How to Position Pasireotide LAR Treatment in Acromegaly

Eva C. Coopmans; Ammar Muhammad; Aart J. van der Lely; Joseph A. M. J. L. Janssen; Sebastian J. C. M. M. Neggers


J Clin Endocrinol Metab. 2019;104(6):1978-1988. 

In This Article

Primary Efficacy Endpoints

Preclinical and clinical phase II studies have shown promising data on the primary efficacy in normalizing GH and IGF-1 levels.[13–19] Two phase III studies [C2305 and C2404 study] reported the efficacy of pasireotide LAR therapy in patients with acromegaly.[20,21] These studies were performed in medically naive patients with acromegaly and those whose disease was inadequately controlled despite ≥6 months treatment on maximum dosages of first-generation SRLs.[20,21] Pasireotide LAR demonstrated in both studies superior efficacy over first-generation SRLs in achieving normal GH and IGF-1 levels. The efficacy of pasireotide LAR after maximum dose first-generation SRL is ≤20% higher than with continuation of first-generation SRLs.[21] The extension phase of both studies showed comparable response rates.[22,23] However, ~17% of patients with inadequate biochemical control after 12 months of therapy with octreotide LAR achieved biochemical control after switching to pasireotide LAR therapy.[24] Although the effects of pasireotide LAR and octreotide LAR therapy on the reduction of GH levels were comparable in the C2305 study, pasireotide LAR therapy was more effective in lowering IGF-1 levels.[20,25]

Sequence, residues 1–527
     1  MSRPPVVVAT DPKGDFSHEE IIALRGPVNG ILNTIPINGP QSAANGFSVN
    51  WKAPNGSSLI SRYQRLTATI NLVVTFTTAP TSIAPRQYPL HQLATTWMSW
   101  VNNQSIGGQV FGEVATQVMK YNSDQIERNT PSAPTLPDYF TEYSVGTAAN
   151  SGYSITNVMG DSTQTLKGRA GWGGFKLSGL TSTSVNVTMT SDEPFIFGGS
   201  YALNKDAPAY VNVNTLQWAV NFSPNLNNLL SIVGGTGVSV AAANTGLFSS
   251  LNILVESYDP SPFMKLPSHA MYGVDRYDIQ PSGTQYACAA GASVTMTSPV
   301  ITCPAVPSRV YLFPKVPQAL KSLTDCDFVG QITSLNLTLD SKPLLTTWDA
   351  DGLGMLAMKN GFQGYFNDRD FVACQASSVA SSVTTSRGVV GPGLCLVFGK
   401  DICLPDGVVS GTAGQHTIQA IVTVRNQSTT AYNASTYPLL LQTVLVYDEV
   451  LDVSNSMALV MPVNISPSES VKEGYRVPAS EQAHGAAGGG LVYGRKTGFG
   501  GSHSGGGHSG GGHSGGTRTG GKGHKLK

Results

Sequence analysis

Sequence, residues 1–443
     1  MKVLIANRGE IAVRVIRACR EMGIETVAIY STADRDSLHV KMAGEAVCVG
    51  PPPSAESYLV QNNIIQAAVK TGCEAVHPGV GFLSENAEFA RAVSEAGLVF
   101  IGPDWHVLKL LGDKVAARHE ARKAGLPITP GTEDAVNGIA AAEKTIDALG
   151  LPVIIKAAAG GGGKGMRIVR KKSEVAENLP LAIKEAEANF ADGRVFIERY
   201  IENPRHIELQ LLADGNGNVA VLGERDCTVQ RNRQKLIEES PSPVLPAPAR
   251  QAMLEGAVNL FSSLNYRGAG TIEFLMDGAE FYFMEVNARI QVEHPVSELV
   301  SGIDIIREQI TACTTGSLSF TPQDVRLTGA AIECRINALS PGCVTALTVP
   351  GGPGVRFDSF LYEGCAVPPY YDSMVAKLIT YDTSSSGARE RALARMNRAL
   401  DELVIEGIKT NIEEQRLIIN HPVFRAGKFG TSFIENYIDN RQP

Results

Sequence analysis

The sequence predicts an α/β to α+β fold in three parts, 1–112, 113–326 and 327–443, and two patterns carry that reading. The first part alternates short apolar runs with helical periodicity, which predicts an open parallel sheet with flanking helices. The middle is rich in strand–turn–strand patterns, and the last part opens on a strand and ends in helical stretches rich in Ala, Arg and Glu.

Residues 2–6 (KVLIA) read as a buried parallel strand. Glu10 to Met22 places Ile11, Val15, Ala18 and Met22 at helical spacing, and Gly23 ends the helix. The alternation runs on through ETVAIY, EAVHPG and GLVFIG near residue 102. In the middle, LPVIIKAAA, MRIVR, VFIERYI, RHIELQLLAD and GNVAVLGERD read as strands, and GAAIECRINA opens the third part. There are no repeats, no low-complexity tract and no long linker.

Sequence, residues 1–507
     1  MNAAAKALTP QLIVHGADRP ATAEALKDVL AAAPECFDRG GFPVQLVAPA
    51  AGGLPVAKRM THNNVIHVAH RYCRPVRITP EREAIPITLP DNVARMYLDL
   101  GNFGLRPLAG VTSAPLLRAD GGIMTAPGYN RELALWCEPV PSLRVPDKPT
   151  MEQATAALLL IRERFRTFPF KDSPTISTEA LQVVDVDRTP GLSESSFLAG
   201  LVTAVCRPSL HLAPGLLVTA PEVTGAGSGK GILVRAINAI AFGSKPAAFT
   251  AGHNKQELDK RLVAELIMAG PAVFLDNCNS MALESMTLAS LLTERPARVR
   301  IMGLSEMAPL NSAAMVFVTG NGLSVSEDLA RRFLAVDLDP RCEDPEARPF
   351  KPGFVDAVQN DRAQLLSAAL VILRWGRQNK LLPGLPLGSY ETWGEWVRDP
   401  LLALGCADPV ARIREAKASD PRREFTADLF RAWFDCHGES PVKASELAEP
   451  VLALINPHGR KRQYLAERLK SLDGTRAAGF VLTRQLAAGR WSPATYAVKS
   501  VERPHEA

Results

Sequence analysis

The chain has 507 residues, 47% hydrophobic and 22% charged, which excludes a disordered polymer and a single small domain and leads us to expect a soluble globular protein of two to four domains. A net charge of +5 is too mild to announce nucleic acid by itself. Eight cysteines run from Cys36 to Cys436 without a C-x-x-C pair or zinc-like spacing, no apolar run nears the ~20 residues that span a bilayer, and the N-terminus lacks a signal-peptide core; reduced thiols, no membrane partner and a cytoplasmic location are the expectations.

The Pasireotide LAR and Pegvisomant Study in Acromegaly (PAPE) was a prospective, open-label, single-center study aimed at assessing the efficacy and safety of pasireotide LAR, alone or in combination with PEGV therapy.[11,12] In this study we included 61 patients with well-controlled acromegaly [defined as IGF-1 levels ≤1.2 × upper limit of normal (ULN)] receiving combination therapy with maximum dosages of first-generation SRLs and weekly PEGV for >6 months. The primary endpoint was achieving IGF-1 normalization (≤1.2 × ULN) at 24 weeks. In the extension study we reported the secondary endpoints: efficacy and safety from 24 to 48 weeks.

At baseline of the PAPE study, the PEGV dosage was reduced by 50% in all patients. If IGF-1 was normal (≤ 1.2 × ULN) after 12 weeks' follow-up, patients were switched to pasireotide LAR 60 mg monotherapy. If IGF-1 levels were elevated (>1.2 × ULN) after 12 weeks' follow-up, patients were switched to pasireotide LAR 60 mg and continued with a 50% reduced dosage of PEGV. In patients whose disease was controlled with first-generation SRL and PEGV, switching to pasireotide LAR, either as monotherapy or in combination with PEGV, resulted in control of IGF-1 levels in 77% of patients.[12] Stratified by treatment group; 93% of patients on pasireotide LAR monotherapy achieved IGF-1 normalization after 24 weeks' follow-up, and this effect was sustained after 48 weeks' follow-up. Of patients on pasireotide LAR and PEGV combination therapy, 67% achieved IGF-1 normalization after 24 weeks' follow-up, which further increased to 72% after 48 weeks' follow-up.[11,12] In these studies, pasireotide LAR demonstrated after 48 weeks' follow-up a PEGV sparing effect of 52%, compared with combination therapy with first-generation SRLs, and as a consequence PEGV could be discontinued in 51% of patients.[12]